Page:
Joseph S. Harris and the U.S. Northwest Boundary Survey, 1857-1861

Anne P. Streeter

Publisher: Trafford Pages: 463 Price: (paperback) $21.10 ISBN: 9781466936218 Reviewed: October, 2012 Author Website: Visit »

The 1850s were a busy time in the United States. In the aftermath of the Mexican War came the California gold rush, futile attempts to defer the slavery question, Indian wars, westward expansion, northern industrialization and the resolute march toward the Civil War. Lost in this torrent of events was the solution of the northwestern boundary issue between the United States and Great Britain, involving the border between Canada and what was then the Oregon Territory.

Anne P. Streeter fills that gap with entries from the unpublished memoir of Joseph Harris, her great grandfather and member of the American survey team, which she unearthed in her mother’s attic. These she embellishes with letters and diaries discovered at Yale from Harris and some of his companions, leading to a full portrait of hardship, resolution, adventure, and, ultimately, success.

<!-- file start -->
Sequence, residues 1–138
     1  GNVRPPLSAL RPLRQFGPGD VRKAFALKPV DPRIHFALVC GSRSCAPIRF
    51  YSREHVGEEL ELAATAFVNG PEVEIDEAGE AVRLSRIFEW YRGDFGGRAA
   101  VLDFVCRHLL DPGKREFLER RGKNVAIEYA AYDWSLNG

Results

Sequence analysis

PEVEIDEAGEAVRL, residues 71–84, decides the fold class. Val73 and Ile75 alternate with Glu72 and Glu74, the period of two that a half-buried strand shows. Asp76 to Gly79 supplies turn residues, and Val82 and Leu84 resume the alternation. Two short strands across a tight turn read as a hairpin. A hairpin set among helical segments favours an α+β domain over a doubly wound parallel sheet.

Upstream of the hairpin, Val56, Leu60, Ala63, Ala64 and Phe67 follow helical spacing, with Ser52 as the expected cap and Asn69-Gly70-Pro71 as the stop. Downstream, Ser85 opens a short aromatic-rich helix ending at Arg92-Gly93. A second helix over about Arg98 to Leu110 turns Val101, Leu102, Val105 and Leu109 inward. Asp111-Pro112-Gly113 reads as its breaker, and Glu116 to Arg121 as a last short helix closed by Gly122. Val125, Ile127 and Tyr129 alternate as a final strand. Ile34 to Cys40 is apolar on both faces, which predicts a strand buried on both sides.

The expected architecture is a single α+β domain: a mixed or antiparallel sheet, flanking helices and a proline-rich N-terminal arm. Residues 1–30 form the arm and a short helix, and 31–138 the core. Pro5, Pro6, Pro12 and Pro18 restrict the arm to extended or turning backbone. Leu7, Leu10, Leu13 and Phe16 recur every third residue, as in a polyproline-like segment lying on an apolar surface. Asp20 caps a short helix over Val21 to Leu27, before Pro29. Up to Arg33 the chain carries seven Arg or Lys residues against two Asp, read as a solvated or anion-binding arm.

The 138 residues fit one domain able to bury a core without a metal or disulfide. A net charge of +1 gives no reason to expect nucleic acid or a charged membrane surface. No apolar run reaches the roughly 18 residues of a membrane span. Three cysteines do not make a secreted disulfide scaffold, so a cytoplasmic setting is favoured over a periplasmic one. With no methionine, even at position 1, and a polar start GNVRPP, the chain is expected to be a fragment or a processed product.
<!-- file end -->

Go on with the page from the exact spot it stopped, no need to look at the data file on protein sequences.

Although the book is crowded with details that may interest few beyond professional historians (i.e. “Because of the .64 seconds difference …between the two Commissions’ measurements, … they started with different Azimuths ….”), the basic story is fascinating. We learn, for instance, about the chaotic early years of the Western migration, how rumors of gold disrupted the party’s scientific work, of changing relations with the local Indians, and of the role whiskey played in the expedition’s less rigorous moments. Probably most interesting to general readers are the atmospherics of time and place, as when suspected volcanic eruptions turn out to be giant trees falling in the forest, when the party witnesses a solar eclipse, or when Harris describes the grandeur of the Cascades and his struggle to fight his way through a blizzard.

Illustrated with watercolors and drawings by James Madison Alden, the expedition’s official artist, as well as with maps and photographs of many of its members, the book sheds light on a previously shaded corner of American history. Those who can get past the often-dense information will find much to consider here.

Also available in hardcover and ebook.

Author's Current Residence
Hartford, Connecticut
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